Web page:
The Harvard graduate, who rose to become the
Marine Corps’ top lawyer, said Vokey’s firing bode ill for the Corps.
“The danger here is not malevolence; it is
the appearance of evil and the effect upon those in the defense bar,”
caused a similar stir while representing a 15-year old Canadian
citizen accused of terrorism in Afghanistan. At the time the defendant
was locked up at the controversial detention facility at Guantanamo
Major Faraj, a former infantryman, performed brilliantly
on several occasions during the summer-long evidentiary hearings last
year. At the same time, Faraj was
Trent D. Thomas, a 25-year-old Marineaccused of
kidnapping and conspiring to murder an Iraqi civilian at Hamandiyah,
Iraq. Faraj convinced the judge that Thomas deserved a bad-conduct
discharge rather than the life sentence the prosecution sought.
Trial delay over
60 Minutes outtakes
Marine prosecutor Captain Nicholas Gannon said in court documents that
unaired 60 Minutesfootage is vital to the case because it
contains admissions by Wuterich of crimes in the attack in Haditha,
Iraq, on Nov. 19, 2005. The news show’s parent network CBS is trying
to quash the prosecution’s subpoena.
The 28-year old former squad leader is
currently accused of unlawfully causing the deaths of nine Iraqi
civilians while leading a counter-attack against insurgents. The
government claims that 60 Minutes recorded admissions by Wuterich that he intentionally killed the Iraqi victims.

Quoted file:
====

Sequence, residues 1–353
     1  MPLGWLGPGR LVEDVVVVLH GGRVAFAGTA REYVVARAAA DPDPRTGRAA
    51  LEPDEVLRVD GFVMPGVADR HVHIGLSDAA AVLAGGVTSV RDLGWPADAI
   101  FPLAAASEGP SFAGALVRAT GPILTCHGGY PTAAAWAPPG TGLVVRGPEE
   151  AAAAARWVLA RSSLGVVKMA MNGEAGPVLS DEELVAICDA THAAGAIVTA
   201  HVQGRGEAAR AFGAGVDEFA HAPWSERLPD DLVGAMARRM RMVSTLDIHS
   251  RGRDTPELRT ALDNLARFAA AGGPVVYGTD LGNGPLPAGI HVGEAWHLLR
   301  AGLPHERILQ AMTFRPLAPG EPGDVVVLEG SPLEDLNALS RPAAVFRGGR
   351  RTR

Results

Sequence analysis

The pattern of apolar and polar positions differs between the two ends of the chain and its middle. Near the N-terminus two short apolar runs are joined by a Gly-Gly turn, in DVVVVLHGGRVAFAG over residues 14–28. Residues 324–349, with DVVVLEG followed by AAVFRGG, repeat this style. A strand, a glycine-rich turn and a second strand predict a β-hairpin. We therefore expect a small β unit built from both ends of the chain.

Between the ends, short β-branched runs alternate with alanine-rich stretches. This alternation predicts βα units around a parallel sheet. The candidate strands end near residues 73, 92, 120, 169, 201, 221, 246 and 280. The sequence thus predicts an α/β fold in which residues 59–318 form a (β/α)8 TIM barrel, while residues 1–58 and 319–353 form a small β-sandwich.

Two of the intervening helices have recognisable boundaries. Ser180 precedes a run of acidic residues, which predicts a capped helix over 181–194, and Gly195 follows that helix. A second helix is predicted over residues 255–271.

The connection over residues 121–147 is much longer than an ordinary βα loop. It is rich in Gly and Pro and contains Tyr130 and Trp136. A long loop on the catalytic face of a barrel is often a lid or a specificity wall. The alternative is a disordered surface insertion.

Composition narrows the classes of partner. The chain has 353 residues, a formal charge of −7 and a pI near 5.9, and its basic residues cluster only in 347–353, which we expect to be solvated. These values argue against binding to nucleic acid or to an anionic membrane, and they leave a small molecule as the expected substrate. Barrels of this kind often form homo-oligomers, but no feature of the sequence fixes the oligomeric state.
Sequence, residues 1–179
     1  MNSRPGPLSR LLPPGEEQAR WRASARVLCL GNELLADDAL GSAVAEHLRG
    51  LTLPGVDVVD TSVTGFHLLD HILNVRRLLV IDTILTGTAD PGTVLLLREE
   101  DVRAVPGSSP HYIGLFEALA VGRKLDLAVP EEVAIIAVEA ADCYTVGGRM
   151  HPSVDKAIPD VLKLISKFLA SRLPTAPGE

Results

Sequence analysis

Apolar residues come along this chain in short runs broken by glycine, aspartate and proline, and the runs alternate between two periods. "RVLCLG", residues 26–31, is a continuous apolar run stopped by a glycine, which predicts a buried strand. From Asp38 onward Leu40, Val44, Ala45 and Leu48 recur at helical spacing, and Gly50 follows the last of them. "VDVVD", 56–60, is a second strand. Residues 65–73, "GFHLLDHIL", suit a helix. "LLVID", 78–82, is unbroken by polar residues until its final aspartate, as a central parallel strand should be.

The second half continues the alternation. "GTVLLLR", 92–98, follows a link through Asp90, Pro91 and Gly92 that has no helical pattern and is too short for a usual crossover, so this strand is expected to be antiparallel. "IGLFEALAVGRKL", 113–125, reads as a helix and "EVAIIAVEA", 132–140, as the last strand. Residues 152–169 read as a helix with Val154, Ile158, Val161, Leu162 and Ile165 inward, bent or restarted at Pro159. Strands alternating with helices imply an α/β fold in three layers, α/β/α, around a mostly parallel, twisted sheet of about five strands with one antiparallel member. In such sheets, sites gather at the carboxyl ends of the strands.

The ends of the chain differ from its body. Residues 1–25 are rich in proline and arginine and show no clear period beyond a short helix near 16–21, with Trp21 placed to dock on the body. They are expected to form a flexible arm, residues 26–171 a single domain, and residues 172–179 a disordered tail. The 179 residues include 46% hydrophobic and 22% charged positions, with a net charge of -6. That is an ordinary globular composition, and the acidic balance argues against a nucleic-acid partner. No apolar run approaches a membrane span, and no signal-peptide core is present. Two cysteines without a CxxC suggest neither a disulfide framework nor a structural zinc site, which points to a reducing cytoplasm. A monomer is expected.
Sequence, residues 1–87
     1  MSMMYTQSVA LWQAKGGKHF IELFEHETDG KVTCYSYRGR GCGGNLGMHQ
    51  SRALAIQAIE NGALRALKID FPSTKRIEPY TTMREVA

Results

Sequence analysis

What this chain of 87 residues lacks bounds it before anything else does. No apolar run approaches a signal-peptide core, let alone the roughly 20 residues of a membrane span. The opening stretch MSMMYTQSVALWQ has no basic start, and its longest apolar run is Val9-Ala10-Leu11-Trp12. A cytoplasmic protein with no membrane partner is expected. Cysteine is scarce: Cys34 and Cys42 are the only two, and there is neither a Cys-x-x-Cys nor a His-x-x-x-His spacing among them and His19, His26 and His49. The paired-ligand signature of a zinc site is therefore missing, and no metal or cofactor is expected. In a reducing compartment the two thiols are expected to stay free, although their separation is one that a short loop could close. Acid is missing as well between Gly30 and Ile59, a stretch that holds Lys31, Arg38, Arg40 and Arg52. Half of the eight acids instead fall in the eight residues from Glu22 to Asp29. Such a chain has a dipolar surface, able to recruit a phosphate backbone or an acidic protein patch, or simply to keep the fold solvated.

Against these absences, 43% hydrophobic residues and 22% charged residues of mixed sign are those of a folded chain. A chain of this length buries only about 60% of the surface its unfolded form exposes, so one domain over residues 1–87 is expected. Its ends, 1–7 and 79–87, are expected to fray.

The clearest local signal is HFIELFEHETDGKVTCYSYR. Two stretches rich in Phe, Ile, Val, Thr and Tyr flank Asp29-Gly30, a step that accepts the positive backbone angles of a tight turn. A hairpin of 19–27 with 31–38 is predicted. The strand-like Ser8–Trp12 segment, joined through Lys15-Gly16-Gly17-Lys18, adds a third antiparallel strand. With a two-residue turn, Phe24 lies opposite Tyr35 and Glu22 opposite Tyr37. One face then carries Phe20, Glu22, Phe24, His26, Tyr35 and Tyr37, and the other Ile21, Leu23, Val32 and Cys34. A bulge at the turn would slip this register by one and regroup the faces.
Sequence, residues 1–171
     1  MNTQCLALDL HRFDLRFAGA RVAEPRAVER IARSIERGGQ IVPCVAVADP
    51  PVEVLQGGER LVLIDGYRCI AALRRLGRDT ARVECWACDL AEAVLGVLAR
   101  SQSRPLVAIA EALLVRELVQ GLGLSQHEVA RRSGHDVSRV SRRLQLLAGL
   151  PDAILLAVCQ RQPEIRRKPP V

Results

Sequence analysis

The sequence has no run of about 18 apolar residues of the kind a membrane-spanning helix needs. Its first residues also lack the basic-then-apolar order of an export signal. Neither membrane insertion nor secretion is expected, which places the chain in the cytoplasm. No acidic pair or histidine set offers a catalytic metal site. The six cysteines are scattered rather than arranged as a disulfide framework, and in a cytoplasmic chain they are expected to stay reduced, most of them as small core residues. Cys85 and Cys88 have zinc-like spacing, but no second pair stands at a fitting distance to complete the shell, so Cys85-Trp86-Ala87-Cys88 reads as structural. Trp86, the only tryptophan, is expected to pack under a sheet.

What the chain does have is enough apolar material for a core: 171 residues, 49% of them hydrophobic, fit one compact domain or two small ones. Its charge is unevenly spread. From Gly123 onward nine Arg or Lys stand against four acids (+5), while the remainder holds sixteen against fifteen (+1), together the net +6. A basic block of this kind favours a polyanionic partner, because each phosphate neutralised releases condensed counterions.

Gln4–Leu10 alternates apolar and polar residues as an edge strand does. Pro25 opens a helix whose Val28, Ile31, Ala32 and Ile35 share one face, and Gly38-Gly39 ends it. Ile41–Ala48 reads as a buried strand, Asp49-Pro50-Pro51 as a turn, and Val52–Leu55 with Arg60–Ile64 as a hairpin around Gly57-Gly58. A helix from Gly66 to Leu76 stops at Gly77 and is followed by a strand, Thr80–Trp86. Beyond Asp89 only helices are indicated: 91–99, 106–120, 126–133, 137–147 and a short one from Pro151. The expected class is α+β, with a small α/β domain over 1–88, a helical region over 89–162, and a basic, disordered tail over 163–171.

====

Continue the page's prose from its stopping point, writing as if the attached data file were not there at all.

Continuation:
Wuterich was initially charged with unpremeditated murder, but the
investigating officer in his case recommended last year that the more
serious charge be dropped. Wuterich is charged with nine counts of
voluntary manslaughter and related offenses arising out of the Haditha
Neal Puckett has called the tactic an
intentional delaying action as well as a “fishing expedition” since
the government moved on February 29 to overrule the presiding judge’s
decision not to compel CBS to produce the video.
“Admissions of guilt don’t end up on the
cutting room floor,” Puckett said at the time.
Already the combined defense costs of the
eight Marines accused of crimes in the infamous case more than a
million dollars and the government more than three million for the
prosecution merely to stage the initial hearings, authorities on both
sides of the issue have said.
The Marine Corps and the Department of
Defense have repeatedly refused to divulge how much it has already
cost taxpayers to mount the world-wide, two-year dragnet that thus far
has netted nothing.
The government did reveal that 65 Naval
Criminal Investigative Service special agents, numerous forensic
experts, most of the available prosecutors in the Marine Corps, and
military judges from as far away as Hawaii have been brought to Camp
Pendleton to hear the case.
Nathaniel R. Helms
Defend Our Marines
16 May 2008
Note: Nat Helms is a Contributing Editor to Defend Our
Marines. He is a Vietnam veteran, former police officer, war
correspondent, and, most recently, author of
My Men Are My Heroes: The Brad Kasal Story (Meredith Books, 2007).